European Travel and the Coronavirus
A Trip to Sunderland
ABOVE: Sunderland AFC fans in the Stadium of Light.
by Anders Imboden
Never mind how I got to be an Arsenal supporter. It was a gradual process. What really counts is that I love football – not the third-down-and-ten-to-go, hut! hut! hike! thing – but real football, played by kicking a round ball into a big net. You know… the world’s most popular sport.
I’m from Minnesota in the U.S.A., but I spent my first year of college in Scotland, at the University of Edinburgh. While a long way away from Arsenal’s home of north London, I still found myself engrossed in the culture of football. The problem with the Scottish game is that it’s been dominated by two teams for decades, Rangers and Celtic, both of Glasgow, Scotland’s largest city. Edinburgh may be the home of Scottish Parliament and plenty of culture, but its two clubs, Heart of Midlothian and Hibernian, have lived in the shadow of Glasgow’s so-called Old Firm duo for many years.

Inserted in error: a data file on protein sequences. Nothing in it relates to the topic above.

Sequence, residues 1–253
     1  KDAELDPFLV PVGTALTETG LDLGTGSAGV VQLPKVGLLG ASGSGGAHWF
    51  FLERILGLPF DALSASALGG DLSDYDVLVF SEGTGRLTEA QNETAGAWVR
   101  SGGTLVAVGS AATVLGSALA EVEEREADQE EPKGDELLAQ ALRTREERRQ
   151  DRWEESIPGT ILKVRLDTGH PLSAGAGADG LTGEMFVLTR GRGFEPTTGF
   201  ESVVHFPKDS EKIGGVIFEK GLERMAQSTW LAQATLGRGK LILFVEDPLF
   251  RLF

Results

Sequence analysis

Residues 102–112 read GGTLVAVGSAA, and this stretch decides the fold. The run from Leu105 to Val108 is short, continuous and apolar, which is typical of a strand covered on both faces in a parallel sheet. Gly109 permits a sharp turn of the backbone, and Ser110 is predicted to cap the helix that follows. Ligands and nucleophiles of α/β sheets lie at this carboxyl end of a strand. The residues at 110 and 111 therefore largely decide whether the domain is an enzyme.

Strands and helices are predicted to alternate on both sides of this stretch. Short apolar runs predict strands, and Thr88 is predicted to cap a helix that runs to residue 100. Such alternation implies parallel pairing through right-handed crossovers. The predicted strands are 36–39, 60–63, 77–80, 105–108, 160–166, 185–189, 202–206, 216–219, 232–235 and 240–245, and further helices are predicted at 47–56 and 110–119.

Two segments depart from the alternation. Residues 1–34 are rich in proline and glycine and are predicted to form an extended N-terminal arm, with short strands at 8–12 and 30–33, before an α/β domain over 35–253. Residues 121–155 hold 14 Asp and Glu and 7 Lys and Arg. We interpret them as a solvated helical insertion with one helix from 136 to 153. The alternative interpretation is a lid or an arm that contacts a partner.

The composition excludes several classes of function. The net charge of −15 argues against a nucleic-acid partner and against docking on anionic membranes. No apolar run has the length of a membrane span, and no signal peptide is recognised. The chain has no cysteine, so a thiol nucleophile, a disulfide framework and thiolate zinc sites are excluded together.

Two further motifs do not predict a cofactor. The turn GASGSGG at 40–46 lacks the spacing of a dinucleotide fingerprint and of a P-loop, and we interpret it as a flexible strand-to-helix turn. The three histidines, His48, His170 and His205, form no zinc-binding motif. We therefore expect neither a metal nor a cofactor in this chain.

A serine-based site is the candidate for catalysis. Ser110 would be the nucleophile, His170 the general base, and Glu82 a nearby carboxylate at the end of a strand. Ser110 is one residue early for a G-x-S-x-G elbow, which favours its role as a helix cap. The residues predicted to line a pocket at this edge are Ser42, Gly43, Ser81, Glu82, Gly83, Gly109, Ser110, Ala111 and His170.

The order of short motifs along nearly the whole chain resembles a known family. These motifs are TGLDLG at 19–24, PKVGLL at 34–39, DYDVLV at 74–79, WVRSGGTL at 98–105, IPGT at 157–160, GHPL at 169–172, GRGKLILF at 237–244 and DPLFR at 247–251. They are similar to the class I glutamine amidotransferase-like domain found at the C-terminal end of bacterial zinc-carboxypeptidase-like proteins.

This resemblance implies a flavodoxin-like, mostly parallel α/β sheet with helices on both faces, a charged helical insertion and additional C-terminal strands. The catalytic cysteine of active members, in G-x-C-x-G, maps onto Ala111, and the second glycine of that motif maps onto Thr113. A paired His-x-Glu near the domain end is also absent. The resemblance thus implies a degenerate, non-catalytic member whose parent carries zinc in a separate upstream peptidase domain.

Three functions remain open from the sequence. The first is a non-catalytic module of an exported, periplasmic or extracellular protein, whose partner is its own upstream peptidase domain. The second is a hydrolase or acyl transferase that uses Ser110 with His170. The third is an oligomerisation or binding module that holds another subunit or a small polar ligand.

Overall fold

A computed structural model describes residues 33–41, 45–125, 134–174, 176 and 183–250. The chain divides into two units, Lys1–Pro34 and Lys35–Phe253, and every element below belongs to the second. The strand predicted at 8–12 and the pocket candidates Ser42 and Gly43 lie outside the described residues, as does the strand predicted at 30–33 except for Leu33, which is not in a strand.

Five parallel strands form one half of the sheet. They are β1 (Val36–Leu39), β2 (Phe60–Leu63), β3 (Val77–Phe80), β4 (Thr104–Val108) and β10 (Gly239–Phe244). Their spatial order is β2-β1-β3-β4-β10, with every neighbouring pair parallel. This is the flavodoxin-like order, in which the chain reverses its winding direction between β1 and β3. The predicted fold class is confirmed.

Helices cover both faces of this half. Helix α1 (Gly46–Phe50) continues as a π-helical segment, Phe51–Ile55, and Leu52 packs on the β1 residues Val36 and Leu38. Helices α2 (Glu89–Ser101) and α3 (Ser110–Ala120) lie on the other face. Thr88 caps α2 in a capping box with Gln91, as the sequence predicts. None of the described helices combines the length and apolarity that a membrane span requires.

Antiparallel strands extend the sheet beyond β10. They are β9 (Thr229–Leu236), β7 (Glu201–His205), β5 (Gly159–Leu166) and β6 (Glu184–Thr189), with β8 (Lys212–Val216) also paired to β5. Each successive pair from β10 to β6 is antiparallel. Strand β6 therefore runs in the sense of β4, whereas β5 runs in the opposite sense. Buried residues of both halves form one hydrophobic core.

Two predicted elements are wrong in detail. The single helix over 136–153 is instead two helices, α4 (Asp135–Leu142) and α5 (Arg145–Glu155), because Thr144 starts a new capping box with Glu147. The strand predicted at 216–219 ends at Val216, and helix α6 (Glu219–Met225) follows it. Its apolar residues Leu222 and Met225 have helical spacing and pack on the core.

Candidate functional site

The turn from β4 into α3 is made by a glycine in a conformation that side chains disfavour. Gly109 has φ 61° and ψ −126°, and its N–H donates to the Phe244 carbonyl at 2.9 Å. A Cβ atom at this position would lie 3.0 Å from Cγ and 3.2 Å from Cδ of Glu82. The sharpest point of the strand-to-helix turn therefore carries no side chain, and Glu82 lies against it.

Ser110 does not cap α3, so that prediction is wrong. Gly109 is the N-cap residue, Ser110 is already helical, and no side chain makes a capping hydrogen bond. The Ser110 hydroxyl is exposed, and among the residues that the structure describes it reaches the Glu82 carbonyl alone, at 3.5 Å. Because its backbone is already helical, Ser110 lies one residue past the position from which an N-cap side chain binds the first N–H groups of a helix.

The effect of this Glaswegian monopoly is that unless you’re a Scot, there’s not a whole lot of excitement in watching the games. The season’s glory is a variable shared between two sets of fans, while the rest of the country fights over the scraps.
So, as a result, I fell into the trap of the English Premier League. Chelsea, Manchester United, Liverpool, Newcastle, Arsenal. The famous teams, the famous players – and the most competitive league in the whole world.
Next page: A trip to Sunderland AFC
Anders Imboden researched this article while studying Politics at the University of
Edinburgh and Scottish Premier League football at Maltings International, where
he became a wee publican.
Text and Sunderland photos copyright © Anders
Imboden. All rights reserved.
Copyright © 1996-2020 Durant and Cheryl Imboden. All rights reserved.